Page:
Samsung will invest $7 billion over a three-year period to ramp up a Chinese fab to expand production of NAND flash memory that's in strong demand for smartphones and other mobile devices.
TAIPEI — Samsung will invest $7 billion over a three-year period to ramp up a Chinese fab to expand production of NAND flash memory that’s in strong demand for smartphones and other mobile devices.
The investment is for a new fab in Xi’an that would be the second chip facility at the northern China site. On Monday (Aug. 28), Samsung approved $2.3 billion of the expected investment of $7 billion, according to reports by Reuters and Bloomberg that said the South Korea-based chipmaker was their news source.
The company has been investing aggressively as industry-wide capital spending is expected to soar by 20 percent in 2017, largely driven by Samsung, according to market watcher IC Insights. The key driver behind strong growth this year has been the memory chip segment.
Samsung’s full-year 2017 capital expenditures could range from $15 billion to $22 billion. If Samsung spends $22 billion this year, total semiconductor industry capex could reach $85.4 billion, representing a 27 percent increase over the $67.3 billion the industry spent in 2016, IC Insights said.
China is expected to become the world’s second-largest market for chip equipment by 2018 as a number of startups in the nation are ramping up new fabs.
China will increase overall fab spending, including construction and equipment, by 54 percent annually as the nation’s spending rises from $3.5 billion in 2016 to $5.4 billion in 2017, according to global chip equipment industry association SEMI. By 2018, the figure will jump to $8.6 billion in 2018, according to SEMI.
A Samsung Electronics spokesman declined to comment on the amount of capacity to be added in the second Xi’an China fab. Samsung built its first fab in Xi’an in 2014, and that facility is in full operation.
The company, which just this year is expected to become the world’s largest chipmaker, snatched 38.3 percent of the global NAND flash memory market revenue during the April-June period this year, according to the news reports, citing market watcher IHS.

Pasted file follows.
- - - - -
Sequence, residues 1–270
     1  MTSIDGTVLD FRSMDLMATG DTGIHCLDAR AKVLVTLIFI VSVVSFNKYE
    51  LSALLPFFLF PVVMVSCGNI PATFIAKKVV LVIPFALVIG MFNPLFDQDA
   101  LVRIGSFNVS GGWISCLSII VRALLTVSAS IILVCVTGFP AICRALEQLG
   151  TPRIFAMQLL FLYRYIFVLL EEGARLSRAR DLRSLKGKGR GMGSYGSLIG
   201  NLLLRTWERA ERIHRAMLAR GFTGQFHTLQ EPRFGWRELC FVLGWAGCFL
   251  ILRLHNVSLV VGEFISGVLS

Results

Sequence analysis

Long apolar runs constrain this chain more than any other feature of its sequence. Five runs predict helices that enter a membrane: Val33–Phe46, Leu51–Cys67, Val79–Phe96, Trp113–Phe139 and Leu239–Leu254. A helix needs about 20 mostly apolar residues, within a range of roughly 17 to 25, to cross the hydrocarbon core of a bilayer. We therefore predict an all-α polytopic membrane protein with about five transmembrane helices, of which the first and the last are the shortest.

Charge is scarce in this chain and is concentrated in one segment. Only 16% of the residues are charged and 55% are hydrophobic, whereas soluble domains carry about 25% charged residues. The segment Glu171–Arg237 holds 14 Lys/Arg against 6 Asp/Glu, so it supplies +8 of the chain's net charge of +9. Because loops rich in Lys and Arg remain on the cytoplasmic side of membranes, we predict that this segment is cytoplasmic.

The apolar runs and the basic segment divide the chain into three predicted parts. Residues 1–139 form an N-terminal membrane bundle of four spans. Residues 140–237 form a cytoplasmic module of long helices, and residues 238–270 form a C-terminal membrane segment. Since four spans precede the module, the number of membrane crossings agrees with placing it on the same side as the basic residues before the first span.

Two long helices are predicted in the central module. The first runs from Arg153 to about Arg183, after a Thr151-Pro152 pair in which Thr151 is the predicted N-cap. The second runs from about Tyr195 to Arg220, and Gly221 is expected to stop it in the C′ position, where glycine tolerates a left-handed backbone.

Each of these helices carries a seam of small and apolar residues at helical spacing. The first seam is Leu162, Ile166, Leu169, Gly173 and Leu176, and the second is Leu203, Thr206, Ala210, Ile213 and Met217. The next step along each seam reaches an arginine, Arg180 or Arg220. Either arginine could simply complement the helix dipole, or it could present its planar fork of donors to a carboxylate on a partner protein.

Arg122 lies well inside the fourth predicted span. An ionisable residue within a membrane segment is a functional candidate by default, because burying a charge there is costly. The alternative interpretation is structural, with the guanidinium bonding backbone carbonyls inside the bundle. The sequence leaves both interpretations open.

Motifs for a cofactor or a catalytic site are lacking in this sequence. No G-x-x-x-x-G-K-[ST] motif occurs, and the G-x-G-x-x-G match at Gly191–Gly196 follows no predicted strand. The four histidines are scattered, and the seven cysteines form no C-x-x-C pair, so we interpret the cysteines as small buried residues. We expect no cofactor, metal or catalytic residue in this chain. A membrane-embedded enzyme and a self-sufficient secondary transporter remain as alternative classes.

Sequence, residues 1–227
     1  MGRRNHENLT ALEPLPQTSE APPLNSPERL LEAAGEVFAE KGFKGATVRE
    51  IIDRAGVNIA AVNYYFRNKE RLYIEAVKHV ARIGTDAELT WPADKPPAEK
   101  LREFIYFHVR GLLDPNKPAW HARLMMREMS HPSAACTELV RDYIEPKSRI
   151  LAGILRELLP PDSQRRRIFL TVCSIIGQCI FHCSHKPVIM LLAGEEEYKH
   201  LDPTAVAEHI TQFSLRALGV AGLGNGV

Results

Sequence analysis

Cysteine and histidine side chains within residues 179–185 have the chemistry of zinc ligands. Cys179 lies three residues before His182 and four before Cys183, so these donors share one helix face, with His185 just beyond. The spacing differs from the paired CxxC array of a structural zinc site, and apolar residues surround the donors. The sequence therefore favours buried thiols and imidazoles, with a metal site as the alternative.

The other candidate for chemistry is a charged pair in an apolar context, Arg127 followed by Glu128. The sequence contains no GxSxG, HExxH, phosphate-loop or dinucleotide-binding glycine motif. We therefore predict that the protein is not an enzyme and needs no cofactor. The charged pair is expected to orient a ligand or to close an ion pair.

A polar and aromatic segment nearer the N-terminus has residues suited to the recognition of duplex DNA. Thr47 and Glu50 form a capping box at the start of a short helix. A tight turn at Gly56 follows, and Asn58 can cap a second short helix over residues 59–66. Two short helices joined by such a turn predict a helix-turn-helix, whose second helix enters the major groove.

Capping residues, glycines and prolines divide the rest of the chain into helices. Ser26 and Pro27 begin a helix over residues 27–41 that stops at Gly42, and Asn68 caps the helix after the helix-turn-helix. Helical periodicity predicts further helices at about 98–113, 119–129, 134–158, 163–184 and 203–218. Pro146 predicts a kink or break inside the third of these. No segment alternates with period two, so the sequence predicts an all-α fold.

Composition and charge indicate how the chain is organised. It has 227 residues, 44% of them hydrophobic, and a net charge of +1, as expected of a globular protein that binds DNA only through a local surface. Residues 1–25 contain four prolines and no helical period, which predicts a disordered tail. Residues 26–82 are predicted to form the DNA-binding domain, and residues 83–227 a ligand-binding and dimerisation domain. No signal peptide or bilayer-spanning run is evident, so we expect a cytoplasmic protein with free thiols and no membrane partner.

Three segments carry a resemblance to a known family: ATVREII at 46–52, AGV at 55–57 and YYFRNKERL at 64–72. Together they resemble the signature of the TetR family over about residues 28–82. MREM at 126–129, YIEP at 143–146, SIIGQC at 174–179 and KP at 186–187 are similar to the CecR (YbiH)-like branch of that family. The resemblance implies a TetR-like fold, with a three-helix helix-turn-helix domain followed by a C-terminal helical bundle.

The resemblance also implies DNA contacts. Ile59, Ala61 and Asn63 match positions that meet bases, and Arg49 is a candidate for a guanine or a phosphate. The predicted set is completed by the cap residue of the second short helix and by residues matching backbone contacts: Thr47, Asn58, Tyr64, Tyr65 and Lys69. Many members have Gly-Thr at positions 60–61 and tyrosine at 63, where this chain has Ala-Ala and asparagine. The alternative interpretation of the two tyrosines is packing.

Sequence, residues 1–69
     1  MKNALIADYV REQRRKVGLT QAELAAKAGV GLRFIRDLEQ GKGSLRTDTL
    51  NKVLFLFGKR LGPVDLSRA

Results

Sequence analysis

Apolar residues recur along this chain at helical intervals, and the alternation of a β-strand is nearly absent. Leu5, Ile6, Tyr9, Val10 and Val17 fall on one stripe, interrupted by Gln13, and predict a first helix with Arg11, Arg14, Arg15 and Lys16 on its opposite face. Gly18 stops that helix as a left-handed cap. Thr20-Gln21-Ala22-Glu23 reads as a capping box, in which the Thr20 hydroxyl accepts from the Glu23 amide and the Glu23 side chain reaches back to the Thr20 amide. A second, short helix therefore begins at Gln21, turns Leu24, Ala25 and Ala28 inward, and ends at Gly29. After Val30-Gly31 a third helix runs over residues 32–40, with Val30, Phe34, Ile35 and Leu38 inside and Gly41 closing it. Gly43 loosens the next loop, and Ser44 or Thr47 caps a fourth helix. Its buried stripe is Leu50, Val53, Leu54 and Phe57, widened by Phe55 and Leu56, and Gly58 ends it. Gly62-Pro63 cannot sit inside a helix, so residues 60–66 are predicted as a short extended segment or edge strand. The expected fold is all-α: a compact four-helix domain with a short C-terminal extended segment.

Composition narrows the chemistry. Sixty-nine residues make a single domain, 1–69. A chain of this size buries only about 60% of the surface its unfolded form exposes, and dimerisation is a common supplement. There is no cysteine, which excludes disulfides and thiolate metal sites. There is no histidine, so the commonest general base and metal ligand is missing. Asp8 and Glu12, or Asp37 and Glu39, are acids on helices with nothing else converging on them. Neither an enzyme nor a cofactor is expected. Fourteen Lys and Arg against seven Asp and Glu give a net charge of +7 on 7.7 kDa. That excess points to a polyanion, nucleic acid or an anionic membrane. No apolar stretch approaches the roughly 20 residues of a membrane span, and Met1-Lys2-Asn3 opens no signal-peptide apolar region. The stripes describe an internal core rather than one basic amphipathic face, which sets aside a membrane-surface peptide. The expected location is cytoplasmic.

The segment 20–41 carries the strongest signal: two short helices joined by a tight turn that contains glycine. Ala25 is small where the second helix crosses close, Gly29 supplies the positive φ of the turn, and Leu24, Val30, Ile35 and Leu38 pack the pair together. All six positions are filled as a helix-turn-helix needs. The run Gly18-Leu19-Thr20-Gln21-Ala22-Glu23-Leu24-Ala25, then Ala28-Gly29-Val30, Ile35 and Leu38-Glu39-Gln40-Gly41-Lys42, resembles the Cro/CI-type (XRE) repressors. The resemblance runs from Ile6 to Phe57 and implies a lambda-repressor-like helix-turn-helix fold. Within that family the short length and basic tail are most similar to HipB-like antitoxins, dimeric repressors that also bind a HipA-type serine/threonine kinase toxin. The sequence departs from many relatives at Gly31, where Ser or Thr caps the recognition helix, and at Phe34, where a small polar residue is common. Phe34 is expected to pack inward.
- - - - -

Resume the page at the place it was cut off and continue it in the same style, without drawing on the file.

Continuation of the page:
In the meantime, China has been trying to build a domestic memory industry to satisfy its huge demand for semiconductors that as of today, the nation has no choice but to import. In the meantime, companies such as Samsung have been investing in expansion of Chinese memory chip production, anticipating growth of the domestic industry.
A memory boom propelled Samsung to record profit in the second quarter this year, and the company has forecast that situation is likely to continue in the current July-to-September quarter.
Samsung’s strength in memory chips has driven the company’s earnings to a record in the most recent quarter, and helped it become more profitable than Apple Inc.
Samsung had about 41 percent of the NAND market in the March quarter, more than double the 18 percent of Toshiba Corp., which developed the technology, according to data compiled by Bloomberg from IDC.
To be sure, Samsung’s outlook isn’t totally rosy. Five top executives of South Korea’s largest conglomerate that accounts for nearly a fifth of the nation’s economy have been sentenced to jail terms of up to five years on charges of bribery involving top-level officials of the South Korean government.
Nearly a decade ago, Samsung and its other competitors in the memory chip business paid a fine of about $1 billion to the U.S. government for price fixing.
—Alan Patterson covers the semiconductor industry for EE Times. He is based in Taiwan.